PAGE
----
Bloomberg News

Putin Preferred in Moscow With Protests Seen Shifting to Regions

July 11, 2013

The mood for protest has shifted from Moscow to the regions as Russia’s economy slows, according to the Center for Strategic Studies in Moscow.

Approval ratings for President Vladimir Putin, 60, have stabilized, and he’s now more popular in the capital than in the rest of Russia, according to the Center for Strategic Studies in Moscow. Fifty percent of Moscow respondents would vote for him as president if an election was held now compared with 45 percent outside the city, the survey showed.

Putin’s return for a third term in the Kremlin last year was marred by tens of thousands demonstrating in Moscow after disputed parliamentary elections in December 2011. Protests have continued this year as dozens of activists face prison terms after violent clashes with police at a rally in May 2012 and opposition leader Alexey Navalny is tried on fraud charges that he calls politically motivated.

“This is a schizophrenic situation,” Mikhail Dmitriev, the research institute’s head, told reporters yesterday. “Putin is back as the anchor of stability again but there are more and more people in regions who are ready to protest.”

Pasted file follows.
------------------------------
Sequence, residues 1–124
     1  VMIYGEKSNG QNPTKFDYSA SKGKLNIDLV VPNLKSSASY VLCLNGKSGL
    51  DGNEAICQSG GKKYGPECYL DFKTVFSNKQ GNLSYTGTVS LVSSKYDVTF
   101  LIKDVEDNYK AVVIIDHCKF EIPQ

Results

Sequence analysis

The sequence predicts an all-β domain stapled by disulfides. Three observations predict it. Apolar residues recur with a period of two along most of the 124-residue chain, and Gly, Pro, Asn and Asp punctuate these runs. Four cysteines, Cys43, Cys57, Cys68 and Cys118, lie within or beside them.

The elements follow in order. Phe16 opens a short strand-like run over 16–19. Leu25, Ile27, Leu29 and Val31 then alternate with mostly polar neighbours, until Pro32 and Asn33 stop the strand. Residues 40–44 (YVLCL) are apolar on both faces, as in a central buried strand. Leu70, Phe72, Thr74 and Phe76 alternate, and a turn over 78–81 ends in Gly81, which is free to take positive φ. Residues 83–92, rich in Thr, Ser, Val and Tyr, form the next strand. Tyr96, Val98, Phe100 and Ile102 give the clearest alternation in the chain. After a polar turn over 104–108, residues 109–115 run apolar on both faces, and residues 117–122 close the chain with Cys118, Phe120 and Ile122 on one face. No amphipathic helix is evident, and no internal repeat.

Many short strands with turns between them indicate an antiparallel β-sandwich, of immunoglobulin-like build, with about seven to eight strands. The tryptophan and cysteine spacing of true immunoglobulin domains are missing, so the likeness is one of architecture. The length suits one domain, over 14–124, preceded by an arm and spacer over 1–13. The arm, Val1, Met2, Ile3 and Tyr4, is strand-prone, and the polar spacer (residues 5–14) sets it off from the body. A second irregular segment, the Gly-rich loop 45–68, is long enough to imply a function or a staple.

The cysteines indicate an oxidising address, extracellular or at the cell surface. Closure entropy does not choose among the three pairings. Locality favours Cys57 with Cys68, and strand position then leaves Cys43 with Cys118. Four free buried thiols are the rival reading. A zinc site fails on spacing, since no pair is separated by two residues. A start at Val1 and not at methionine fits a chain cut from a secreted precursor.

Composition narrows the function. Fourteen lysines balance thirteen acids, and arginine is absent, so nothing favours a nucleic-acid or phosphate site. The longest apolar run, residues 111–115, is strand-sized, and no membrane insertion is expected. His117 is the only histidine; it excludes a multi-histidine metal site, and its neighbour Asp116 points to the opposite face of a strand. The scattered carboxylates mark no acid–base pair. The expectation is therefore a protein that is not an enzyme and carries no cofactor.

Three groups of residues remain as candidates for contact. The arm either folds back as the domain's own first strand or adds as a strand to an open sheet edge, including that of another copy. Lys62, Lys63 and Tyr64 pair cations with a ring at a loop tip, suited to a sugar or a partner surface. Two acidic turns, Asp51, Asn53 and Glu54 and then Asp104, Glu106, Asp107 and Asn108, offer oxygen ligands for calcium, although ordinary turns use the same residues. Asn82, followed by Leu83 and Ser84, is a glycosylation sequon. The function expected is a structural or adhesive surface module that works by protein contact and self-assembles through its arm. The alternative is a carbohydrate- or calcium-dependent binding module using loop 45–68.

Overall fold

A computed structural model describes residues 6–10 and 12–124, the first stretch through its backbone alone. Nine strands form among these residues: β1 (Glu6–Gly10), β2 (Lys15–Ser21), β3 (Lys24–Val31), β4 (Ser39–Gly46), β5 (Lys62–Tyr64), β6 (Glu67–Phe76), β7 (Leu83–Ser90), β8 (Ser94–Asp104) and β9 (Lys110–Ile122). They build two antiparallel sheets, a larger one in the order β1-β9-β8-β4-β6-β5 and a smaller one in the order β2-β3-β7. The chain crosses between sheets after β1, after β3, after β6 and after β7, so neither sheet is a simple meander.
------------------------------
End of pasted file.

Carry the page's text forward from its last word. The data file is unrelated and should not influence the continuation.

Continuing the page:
Sixty-three percent of respondents living in regional cities with a population of more than a million, said they’re are ready to protest if they’re hit by an economic crisis. The Russian average was 43 percent, while in Moscow 15 percent said they’d be prepared to take to the streets, according to the institute, which advises the government.

Protest Mood

“Less educated and less wealthy people in the regions are much more in the mood to protest than in Moscow and St. Petersburg, which were the heart of anti-Putin protests in 2011-2012,” Dmitriev said.

In Moscow, 53 percent of people want to live in a democratic state, while more than 80 percent of urban residents in the rest of Russia seek democracy. The Russian average was 67 percent. In the capital, 29 percent are in favor of an authoritarian regime, compared with 9 percent in Russia.

“Our findings, which we cross-checked with other pollsters, show that society is very unstable, the level of concern is extremely high and people’s mood is changing like a fever.”

To contact the reporter on this story: Ilya Arkhipov in Moscow at

To contact the editor responsible for this story: Balazs Penz at

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